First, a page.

India and the US were able to make “good progress” in negotiating the long-pending totalisation agreement that has emerged as a major hurdle for Indian companies seeking to invest and operation in America.
It seems the matter was discussed at length during the India-US Strategic and Commercial Dialogue that took place in the US last month, preceding Prime Minister Narendra Modi’s visit there.
“On a totalisation agreement, we had a second round of talks between both the governments. The last discussion was held in summer. We look forward to continue these discussions. I think the gaps in understanding each other’s systems are narrowing, which is good,” US Ambassador to India Richard Verma said here on Tuesday.
Indian workers account for almost 50 per cent of employment-based US green cards and 40-50 per cent of the H1-B and L-1 professional visas. These workers make yearly contributions of about $2 billion towards US’ social security system.
However, according to the US’ norms, these workers need to complete 10 years for being eligible to enjoy the benefits of this contribution. As a result, workers going there for work for a short period are not able to repatriate their contributions.
“We have certain statutory requirements that we have to meet, we have to better understand India’s coverage scheme for social security and I think when people sit across the table and share their detailed information it’s helpful and I think we made good progress on the subject of totalisation,” Verma added, while launching the US government’s Select USA initiative aimed at facilitating Indian investments to the US. India, on its part, also seems to be bullish that the negotiations for a totalisation agreement were also “progressing satisfactorily”. However, it will not be anytime soon that the agreement will be sealed due to wide gaps in the ongoing talks, a senior official told Business Standard.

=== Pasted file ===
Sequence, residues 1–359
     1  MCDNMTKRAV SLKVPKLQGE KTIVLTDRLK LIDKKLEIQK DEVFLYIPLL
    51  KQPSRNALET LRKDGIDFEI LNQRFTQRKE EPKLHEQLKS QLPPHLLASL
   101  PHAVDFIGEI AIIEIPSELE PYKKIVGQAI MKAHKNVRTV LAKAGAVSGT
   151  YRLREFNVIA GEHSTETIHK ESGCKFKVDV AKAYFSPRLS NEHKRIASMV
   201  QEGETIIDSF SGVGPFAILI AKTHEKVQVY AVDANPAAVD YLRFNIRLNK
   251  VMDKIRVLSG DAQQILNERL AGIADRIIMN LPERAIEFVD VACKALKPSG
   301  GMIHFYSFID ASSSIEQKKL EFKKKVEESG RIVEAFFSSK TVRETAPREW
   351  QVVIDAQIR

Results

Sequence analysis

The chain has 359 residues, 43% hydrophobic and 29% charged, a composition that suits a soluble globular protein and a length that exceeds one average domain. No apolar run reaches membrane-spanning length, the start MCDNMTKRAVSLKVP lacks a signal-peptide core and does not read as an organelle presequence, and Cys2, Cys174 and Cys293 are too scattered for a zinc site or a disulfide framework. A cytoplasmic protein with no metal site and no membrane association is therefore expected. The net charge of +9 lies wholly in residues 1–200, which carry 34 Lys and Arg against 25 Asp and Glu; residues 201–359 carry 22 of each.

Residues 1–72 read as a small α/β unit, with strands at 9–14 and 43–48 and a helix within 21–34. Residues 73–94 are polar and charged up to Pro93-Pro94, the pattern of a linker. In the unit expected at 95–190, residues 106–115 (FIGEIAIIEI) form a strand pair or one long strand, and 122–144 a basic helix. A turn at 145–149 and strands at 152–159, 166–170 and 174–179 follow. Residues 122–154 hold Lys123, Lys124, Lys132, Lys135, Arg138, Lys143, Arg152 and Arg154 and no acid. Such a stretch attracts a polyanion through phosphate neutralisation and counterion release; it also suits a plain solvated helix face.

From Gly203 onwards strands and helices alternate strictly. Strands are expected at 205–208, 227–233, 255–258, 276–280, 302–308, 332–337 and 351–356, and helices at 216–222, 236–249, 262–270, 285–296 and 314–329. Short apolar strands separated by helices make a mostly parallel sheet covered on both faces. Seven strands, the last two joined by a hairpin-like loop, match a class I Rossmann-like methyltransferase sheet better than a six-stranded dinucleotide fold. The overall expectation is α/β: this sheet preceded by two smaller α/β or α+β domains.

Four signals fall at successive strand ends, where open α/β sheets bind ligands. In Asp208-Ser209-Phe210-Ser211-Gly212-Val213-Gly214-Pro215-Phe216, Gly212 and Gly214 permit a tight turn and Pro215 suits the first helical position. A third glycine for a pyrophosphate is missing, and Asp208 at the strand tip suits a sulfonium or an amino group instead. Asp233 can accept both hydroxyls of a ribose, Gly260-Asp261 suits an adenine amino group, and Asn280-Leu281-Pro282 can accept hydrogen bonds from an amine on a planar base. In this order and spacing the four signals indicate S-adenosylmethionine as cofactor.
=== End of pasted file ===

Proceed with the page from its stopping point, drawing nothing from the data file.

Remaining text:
So far, only five rounds of talks have taken place ever since the talks started in 2010.
On the issue of granting visas to Indian workers, Verma said India used up 65 per cent of the H-1B visas whereas 40 per cent of Indian companies get L-1 visas.
“President has advocated a comprehensive reform in the immigration system and till that time, I would encourage people to look at how far and how strong the Indian position is with regards to business travel and business visas for the US. It is a pretty good story overall,” he said.
Two-way trade in goods and services between both countries increased to $105 billion in 2014 from $19 billion in 2000. Both sides have set a target of expanding it to $500 billion in the coming years.